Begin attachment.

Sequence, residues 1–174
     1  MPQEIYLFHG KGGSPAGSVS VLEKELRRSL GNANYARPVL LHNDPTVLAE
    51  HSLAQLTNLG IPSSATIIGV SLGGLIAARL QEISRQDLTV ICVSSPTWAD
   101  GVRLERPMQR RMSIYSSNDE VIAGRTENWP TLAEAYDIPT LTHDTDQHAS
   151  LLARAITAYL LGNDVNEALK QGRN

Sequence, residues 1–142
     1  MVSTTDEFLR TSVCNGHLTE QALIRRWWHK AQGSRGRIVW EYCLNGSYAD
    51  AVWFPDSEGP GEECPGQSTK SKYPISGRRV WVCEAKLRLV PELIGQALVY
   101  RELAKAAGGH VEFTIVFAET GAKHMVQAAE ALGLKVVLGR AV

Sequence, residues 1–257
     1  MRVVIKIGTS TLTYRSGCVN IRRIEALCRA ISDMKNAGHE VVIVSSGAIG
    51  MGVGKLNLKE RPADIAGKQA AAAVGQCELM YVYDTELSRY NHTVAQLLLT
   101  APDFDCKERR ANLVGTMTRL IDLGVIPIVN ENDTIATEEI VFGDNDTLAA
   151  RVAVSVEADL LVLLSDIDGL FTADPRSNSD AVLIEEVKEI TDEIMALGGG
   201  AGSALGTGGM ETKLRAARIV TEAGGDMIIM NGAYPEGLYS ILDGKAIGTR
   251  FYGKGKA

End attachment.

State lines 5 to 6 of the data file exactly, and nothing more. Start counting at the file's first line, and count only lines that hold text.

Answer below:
   151  LLARAITAYL LGNDVNEALK QGRN

Sequence, residues 1–142